I am all for it. I have seen poor Muslims benefiting from reservation. Poor Muslim children who could have not got into colleges have become doctors, engineers. The community needs more access to education. When the UPA was in power, just before the 12th Five Year Plan was being worked on, I took a delegation of Muslim MPs seeking that pre- and post-matric minority scholarships be made demand-driven. A study was done and it was said that the scheme would cost Rs 24,000 crore, which is half the price of a submarine. But that was not done. What stops the government? Muslims want to study but facilities are not being provided. Don’t do anything for us. Humko machchi mat do; machchi pakadna sikha do. Hum toofan ka saamna kar lenge.
Smita Nair: How are you tackling radicalisation and the ISIS threat?
We have always said ISIS is un-Islamic. I tell young guys if they are so keen on doing jihad, they should do it against poverty, illiteracy. Do jihad the democratic way by joining the MIM and taking on right-wing organisations. Fight social evils here. We also need to engage in a cerebral debate with the youth. ISIS does its online propaganda quite well. Young, impressionable children get attracted to it. The community needs to not only condemn them but also help in giving the youth a proper direction in life.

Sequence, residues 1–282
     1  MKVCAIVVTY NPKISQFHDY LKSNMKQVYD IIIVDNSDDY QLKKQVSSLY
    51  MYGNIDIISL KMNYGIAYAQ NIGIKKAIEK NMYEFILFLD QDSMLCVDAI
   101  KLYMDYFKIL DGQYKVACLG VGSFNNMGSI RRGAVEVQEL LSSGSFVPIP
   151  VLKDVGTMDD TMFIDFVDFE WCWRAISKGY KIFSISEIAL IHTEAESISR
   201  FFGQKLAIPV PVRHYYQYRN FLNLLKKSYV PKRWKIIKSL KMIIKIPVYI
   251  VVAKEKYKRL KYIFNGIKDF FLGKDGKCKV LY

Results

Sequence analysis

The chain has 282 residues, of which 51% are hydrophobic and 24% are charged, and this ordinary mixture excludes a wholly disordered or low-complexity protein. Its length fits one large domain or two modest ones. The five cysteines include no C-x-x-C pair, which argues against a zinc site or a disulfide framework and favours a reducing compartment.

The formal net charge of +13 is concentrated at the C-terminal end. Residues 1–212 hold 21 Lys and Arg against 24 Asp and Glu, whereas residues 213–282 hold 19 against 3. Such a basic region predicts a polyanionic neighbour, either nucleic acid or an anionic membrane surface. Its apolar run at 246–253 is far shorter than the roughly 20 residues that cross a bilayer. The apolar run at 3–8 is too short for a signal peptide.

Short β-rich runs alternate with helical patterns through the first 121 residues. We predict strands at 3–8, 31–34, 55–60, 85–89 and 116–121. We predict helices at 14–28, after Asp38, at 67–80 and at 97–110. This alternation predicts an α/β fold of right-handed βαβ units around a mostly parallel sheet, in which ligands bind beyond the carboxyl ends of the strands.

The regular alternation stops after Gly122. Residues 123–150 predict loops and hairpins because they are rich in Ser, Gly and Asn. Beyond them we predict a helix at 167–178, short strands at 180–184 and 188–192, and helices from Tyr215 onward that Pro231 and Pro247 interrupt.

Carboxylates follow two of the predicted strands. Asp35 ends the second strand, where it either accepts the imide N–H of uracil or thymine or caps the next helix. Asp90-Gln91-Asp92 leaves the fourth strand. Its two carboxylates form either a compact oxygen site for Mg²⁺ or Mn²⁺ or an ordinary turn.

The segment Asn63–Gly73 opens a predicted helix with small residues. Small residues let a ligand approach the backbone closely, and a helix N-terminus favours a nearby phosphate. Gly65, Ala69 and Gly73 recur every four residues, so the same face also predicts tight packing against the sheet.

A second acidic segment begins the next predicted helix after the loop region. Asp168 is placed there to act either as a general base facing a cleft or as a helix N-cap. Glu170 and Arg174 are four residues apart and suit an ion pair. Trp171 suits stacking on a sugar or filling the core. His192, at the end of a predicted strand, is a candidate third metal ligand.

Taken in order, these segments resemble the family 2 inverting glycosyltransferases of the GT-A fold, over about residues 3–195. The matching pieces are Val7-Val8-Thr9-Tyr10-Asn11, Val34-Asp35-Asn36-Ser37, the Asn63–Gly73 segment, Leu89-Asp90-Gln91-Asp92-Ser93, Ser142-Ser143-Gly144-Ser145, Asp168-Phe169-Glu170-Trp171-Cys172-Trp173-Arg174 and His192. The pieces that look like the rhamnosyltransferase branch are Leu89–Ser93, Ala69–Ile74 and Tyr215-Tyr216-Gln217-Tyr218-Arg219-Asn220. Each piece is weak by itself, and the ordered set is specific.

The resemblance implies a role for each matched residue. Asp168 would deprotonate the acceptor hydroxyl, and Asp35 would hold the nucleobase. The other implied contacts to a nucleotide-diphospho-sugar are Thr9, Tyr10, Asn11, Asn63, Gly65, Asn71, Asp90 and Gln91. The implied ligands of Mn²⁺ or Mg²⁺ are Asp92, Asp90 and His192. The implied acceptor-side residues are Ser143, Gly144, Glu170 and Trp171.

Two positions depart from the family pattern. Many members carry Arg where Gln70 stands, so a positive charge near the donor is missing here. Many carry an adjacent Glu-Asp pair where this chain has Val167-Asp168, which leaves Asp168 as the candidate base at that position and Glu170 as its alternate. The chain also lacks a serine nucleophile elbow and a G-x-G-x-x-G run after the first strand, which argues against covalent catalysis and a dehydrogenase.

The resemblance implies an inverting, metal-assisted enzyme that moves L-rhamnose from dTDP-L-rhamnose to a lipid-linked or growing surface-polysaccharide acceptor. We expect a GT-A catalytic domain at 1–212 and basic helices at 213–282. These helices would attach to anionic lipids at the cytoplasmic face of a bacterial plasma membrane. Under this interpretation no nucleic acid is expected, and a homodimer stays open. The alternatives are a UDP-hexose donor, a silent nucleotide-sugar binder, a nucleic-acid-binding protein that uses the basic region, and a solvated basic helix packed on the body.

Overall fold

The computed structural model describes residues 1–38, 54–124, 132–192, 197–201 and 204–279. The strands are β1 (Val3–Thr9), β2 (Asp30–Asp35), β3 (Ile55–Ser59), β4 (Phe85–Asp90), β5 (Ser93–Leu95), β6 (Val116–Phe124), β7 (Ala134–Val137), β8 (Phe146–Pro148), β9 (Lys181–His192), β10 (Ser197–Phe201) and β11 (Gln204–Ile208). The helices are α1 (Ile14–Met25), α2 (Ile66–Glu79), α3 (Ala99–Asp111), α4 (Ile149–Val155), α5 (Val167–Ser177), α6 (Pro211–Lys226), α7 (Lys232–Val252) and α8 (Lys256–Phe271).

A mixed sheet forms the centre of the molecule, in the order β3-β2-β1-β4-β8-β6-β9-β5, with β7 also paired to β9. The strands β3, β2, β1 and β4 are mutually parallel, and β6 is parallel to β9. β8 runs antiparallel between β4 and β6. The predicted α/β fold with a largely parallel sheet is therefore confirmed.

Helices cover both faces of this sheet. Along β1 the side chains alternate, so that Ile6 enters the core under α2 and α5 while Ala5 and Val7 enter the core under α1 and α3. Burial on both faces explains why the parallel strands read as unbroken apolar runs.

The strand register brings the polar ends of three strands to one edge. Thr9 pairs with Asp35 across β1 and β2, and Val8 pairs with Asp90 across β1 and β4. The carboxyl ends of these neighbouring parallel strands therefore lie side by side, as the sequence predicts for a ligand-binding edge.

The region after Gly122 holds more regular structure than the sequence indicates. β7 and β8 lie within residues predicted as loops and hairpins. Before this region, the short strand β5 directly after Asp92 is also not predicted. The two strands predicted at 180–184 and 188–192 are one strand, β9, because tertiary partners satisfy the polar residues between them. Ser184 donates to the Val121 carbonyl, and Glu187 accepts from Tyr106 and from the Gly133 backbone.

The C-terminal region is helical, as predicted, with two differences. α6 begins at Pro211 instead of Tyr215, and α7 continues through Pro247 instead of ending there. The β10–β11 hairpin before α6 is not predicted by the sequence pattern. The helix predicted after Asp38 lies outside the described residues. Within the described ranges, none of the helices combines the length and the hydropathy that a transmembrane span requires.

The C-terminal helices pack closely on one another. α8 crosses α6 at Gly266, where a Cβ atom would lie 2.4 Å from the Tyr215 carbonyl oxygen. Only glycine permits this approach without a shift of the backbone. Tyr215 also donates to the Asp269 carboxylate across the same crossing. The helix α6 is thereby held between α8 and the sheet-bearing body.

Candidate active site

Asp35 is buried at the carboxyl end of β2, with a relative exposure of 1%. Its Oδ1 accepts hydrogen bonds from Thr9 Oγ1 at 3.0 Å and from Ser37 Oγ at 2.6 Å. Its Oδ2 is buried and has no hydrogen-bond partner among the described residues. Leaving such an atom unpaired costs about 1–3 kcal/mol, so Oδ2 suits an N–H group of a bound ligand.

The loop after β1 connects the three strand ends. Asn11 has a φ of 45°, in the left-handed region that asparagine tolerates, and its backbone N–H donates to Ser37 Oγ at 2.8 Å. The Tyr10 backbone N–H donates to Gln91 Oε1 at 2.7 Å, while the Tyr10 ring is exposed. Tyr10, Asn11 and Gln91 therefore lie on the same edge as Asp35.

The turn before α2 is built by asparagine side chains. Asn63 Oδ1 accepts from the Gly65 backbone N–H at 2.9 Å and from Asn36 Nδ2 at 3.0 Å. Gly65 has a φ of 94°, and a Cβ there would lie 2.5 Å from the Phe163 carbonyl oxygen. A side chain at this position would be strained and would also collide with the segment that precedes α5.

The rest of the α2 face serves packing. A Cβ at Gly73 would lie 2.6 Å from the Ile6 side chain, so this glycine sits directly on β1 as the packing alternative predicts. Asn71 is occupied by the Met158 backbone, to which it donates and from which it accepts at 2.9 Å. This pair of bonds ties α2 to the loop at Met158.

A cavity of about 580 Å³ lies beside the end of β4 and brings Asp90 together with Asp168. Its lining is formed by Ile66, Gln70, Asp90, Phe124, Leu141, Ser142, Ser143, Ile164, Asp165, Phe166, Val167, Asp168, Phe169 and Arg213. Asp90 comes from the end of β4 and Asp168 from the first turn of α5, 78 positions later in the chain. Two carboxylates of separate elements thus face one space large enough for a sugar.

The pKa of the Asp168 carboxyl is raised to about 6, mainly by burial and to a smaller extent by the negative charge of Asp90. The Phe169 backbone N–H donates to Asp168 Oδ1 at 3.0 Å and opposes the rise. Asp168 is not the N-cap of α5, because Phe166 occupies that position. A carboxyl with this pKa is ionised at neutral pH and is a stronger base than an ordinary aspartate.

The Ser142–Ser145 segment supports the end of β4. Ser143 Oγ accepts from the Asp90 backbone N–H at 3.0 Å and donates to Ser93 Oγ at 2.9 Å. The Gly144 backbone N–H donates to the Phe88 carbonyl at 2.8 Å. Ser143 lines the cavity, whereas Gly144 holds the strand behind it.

Smita Nair: What do you think about how the trust vote was won by the BJP government in Maharashtra?
They should have asked for an actual division of votes and proved their majority. We would have voted against the government. The best thing about the trust vote was to see Prithviraj Chavan sitting on the steps of the Assembly. It was a picture that needed to be framed and kept for posterity. Jinko kal tak sab salaam karte the, aaj public ne unko zameen par bitha diya. This is real democracy.
Smita Nair: Would you shake hands with Narendra Modi?
He is the Prime Minister of the country and I respect him for that position. I, however, have the right to oppose him. If tomorrow, I am the CM and under my watch, 5,000 people die, of which one of them is your father or mother, will you shake hands with me? I will not forget Gujarat until all those guilty are punished. He is the PM and I respect him, but that does not mean that I have to pay obeisance to him.
Zeeshan Shaikh: Do you think it is difficult for a Muslim candidate to get votes outside the community?
It is difficult for Muslims to get elected. They are only getting elected from constituencies where Muslims make up over 30 per cent of the voters. As a Muslim politician, you should stand in elections only if there are more than 30 per cent Muslims in your constituency or it is better that you sit at home. A Muslim can vote for a member of the other community but he will not get their vote as they do not want a Muslim to win. I would like to see Zafar Sareshwala contest from Gujarat and win.
Source: Indian Express